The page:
Why would Satoshi (group or indiv.) use 32 bit timestamps which would overflow before the last coin was designed to be minted?

The fix is simple, just up it to 64bit unsigned integers to represent the date.
271  Bitcoin / Hardware / Re: How efficient will ASICs get? on: May 12, 2013, 02:55:54 AM
It is my understanding that the current generation of ASICs all get around 100MH/joule give or take a few million hashes. While that is upwards of 20x more efficient than GPU mining, how much more can be pushed out? Given we understand exactly the operation needed, does anybody know what the minimum amount of energy that could possibly be expended to perform SHA256?


Do you know what Moore's law is?


Something that hardly applies to bitcoins.  Makes sense for the microprocesser market worth tens of billions of dollars (maybe into the hundreds of billions)

When your NRE for an ASIC runs several million or tens of millions of dollars, you have to make a financial decision if it's worth the investment, risk, and design/lead times for a marginal improvement over what already exists

Look at it this way : Asic Miner is a 100% capitalist, maximize profit type of organization.  They used, what, 110 or 130nm node for their fab?  You could get much better power efficency and hashrates with a smaller process, but it's far more expensive and complicated.  They have no plans to change node, they're bringing 262 THash/sec online with their 110nm in the next 3 months.  A massive investment that shows they're dedicated to what they've got.

You really believe they're making 26,200 blades?
Why wouldn't they? They stand to not only increase the hashrate, but effectively ensure their product will be bought at the same time.
For every blade they sell, another one will be sold to keep somebody else in the mining game.
272  Bitcoin / Hardware / How efficient will ASICs get? on: May 11, 2013, 07:27:46 PM
It is my understanding that the current generation of ASICs all get around 100MH/joule give or take a few million hashes. While that is upwards of 20x more efficient than GPU mining, how much more can be pushed out? Given we understand exactly the operation needed, does anybody know what the minimum amount of energy that could possibly be expended to perform SHA256?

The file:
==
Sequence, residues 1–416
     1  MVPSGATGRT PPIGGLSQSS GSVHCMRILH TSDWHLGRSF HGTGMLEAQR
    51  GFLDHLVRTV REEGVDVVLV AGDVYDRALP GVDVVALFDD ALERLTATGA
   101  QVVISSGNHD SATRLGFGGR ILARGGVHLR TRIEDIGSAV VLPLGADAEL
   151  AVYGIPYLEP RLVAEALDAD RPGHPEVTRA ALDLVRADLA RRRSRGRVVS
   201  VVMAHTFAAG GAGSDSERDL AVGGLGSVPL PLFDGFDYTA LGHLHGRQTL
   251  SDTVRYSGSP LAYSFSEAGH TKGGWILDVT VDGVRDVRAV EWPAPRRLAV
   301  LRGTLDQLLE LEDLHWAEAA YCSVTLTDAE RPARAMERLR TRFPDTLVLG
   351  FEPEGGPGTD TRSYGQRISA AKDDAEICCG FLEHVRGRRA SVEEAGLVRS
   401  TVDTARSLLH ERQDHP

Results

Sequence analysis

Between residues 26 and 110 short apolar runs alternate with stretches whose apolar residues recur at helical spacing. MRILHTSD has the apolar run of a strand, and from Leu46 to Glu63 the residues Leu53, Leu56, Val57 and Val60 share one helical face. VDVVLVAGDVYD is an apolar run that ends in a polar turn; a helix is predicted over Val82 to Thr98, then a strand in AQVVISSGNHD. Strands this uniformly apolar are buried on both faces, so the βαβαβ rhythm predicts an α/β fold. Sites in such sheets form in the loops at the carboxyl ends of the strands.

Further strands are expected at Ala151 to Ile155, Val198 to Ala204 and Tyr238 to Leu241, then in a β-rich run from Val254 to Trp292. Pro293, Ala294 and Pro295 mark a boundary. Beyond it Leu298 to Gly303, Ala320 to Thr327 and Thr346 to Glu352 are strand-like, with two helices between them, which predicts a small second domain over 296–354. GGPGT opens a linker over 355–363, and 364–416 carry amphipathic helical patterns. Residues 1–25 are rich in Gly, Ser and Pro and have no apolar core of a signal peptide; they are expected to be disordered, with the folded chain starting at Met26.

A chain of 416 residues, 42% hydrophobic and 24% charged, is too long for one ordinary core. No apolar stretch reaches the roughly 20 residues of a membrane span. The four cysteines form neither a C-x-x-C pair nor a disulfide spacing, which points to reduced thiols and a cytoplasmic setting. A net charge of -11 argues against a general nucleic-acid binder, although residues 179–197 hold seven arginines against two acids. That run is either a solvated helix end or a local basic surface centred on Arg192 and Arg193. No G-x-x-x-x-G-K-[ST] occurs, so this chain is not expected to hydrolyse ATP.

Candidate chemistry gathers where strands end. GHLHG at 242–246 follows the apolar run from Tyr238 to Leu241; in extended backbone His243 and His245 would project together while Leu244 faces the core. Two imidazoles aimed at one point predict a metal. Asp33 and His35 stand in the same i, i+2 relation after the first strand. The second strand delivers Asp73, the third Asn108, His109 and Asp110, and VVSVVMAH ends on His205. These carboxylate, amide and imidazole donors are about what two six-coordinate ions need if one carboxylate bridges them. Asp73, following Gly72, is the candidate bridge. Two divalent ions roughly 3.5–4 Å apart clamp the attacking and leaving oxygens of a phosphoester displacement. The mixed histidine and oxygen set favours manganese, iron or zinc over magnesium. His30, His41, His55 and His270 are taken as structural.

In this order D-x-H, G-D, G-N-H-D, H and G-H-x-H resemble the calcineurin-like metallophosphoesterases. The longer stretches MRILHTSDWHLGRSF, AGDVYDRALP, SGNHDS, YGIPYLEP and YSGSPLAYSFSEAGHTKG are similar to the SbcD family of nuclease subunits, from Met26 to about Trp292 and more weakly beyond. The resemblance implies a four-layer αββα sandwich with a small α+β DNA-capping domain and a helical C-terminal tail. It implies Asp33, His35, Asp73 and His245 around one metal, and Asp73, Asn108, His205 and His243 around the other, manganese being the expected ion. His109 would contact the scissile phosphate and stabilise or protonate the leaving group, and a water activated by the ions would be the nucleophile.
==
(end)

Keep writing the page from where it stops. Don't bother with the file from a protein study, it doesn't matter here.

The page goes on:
273  Bitcoin / Mining speculation / Re: Minimum sustainable mining efficiency. on: May 07, 2013, 01:32:14 PM
Hmf. You are absolutely correct

I was confusing the different numbers, and looked at power cost as revenue and revenue as surplus Huh

Oh the humanity Tongue
If only it worked that way, we'd all be rich Smiley
274  Bitcoin / Mining speculation / Re: Minimum sustainable mining efficiency. on: May 07, 2013, 01:47:24 AM
Depends on the accuracy of this calculator http://www.bitcoinx.com/profit/

Diff - 300,076,293
Mhash - 5000
Conversion rate - 2
power - 30

Says it will give a profit of $0.02/day
It says you'll get a revenue of .02$ per day, you have to factor in your power costs.

Quote
Coins per 24h at these conditions   0.0084 BTC
Power cost per 24h   0.11 USD
Revenue per day   0.02 USD
Less power costs   -0.09 USD
System efficiency   166.67 MH/s/W
Mining Factor 100 at the end of the time frame   0.00 USD/24h@100MHash/s
Average Mining Factor 100   0.00 USD/24h@100MHash/s
Power cost per time frame   9.86 USD
Revenue per time frame   1.44 USD
Less power costs   -8.42 USD
You'll lose money overall.
275  Bitcoin / Mining speculation / Re: Minimum sustainable mining efficiency. on: May 07, 2013, 01:30:21 AM
You forgot ASIC
Yeah, hidden deep within my text is the subtle idea that GPU mining is dead, due to it being less efficient.

Smiley

I calculated that a 5GH ASIC at 30W would still be running with a difficulty of 300mil and a BTC price of $2, and even make a tiny profit.